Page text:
Cecilia Esteves

New York Presbyterian Hospital, New York, New York, United States

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Publications (2)6.54 Total impact

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    ABSTRACT: What's already known about this topic? Chromothripsis is a recently described phenomenon whereby a single catastrophic event leads to multiple chromosome breaks and subsequent repair through nonhomologous end joining. The result can present karyotypically as a complex rearrangement and occurs both congenitally and in cancer cells. What does this study add? We report, to our knowledge, the first case of congenital chromothripsis uncovered prenatally through a combination of G-banded karyotype analysis and whole-genome sequencing by jumping libraries. The G-banded karyotype initially suggested the involvement of five chromosomes and six breakpoints. Whole-genome sequencing further resolved this event to include nine total breakpoints that disrupt seven independent genes, all in the presence of a normal microarray result. This emphasizes the complementarity that whole-genome sequencing can provide to the initial karyotype analysis as a reflex test when a rearrangement is detected. We also discuss the dilemma of prognosis with this finding.
    Prenatal Diagnosis 07/2014; 35(3). DOI:10.1002/pd.4456 · 3.27 Impact Factor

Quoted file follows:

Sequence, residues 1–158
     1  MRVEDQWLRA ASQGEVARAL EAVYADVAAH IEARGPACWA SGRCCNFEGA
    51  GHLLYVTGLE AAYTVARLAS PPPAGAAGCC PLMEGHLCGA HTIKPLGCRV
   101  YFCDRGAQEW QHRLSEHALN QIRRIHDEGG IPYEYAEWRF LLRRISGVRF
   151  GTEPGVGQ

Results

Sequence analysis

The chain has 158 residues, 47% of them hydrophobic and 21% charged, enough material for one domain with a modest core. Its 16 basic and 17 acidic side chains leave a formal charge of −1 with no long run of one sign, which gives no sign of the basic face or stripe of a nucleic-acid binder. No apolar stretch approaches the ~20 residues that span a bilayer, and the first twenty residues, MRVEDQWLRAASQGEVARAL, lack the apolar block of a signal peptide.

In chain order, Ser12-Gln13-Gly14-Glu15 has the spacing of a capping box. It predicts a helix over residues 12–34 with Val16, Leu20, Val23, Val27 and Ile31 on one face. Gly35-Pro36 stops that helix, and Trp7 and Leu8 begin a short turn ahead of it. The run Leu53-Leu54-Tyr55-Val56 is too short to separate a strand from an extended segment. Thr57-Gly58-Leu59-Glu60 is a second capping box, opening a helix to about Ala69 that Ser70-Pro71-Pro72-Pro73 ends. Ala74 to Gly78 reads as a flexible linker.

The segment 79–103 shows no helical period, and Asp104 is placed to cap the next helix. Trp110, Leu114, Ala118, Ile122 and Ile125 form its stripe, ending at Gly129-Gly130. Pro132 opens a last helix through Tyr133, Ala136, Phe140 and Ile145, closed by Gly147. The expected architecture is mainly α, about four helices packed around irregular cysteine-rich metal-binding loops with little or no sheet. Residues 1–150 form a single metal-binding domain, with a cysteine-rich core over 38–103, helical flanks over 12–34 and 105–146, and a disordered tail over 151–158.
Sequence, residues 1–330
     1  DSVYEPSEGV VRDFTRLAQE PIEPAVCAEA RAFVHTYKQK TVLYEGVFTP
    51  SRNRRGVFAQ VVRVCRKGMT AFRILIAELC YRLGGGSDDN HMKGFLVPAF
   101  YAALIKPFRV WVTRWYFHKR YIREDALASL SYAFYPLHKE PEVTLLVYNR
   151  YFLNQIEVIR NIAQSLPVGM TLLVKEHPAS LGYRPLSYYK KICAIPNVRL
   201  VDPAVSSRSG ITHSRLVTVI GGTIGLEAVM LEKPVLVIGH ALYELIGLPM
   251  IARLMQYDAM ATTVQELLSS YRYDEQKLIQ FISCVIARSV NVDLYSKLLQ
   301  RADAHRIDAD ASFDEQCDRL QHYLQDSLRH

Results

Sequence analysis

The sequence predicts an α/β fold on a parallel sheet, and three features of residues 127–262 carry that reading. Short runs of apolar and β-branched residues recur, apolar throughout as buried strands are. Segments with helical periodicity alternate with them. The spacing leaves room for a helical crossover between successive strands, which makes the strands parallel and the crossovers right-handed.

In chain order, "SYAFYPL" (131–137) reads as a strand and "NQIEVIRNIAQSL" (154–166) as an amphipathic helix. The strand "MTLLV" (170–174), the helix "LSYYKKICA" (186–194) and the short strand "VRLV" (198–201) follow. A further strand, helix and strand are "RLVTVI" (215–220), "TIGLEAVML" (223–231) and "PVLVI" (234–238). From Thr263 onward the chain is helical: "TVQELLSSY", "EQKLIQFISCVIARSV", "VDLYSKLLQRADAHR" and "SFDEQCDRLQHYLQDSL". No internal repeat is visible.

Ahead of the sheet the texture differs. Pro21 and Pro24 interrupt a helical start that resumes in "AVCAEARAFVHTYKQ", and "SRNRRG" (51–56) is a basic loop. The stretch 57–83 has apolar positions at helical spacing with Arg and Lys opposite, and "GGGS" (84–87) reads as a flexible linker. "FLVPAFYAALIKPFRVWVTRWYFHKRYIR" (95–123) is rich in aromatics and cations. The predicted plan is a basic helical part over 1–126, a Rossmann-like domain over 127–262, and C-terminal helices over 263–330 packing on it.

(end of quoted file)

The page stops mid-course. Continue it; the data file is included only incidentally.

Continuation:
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    ABSTRACT: Cytogenetic analysis of spontaneous abortions is frequently complicated by culture failure and maternal cell contamination (MCC). The objective of the study is to demonstrate that multiplex fluorescence in situ hybridization (FISH) can increase the yield and accuracy of karyotypes from spontaneous abortion specimens. A multiplex interphase FISH probe set was used to analyze two sample sets. (1) Uncultured tissues from 153 abortions samples with a normal 46,XX karyotype and (2) a series of 171 samples that either failed to grow or were contaminated. MCC studies were performed on 70 cultures where both karyotype and FISH indicated a normal female karyotype. FISH showed 31% (53/171) of the specimens karyotyped as 46,XX were either male or abnormal; 23% (40/118) of these specimens were found to have an abnormal chromosome complement. In specimens with culture failure, FISH showed an abnormal complement in 44.4% (68/153). MCC studies showed 41.49% (29/70) cultures of maternal origin, 45.7% (32/70) fetal, 11.4% (8/70) a maternal/fetal mixture and 1 diploid mole. Results demonstrate the utility of a simple FISH panel in increasing the detection rate of abnormal karyotypes. They also reveal the high frequency of overgrowth of maternal cells in cultured specimens from villi after embryonic loss.
    Prenatal Diagnosis 08/2011; 31(8):755-9. DOI:10.1002/pd.2759 · 3.27 Impact Factor

Publication Stats

16 Citations
6.54 Total Impact Points

Top Journals


  • 2014
    • New York Presbyterian Hospital
      New York, New York, United States
  • 2011
    • Columbia University
      New York City, New York, United States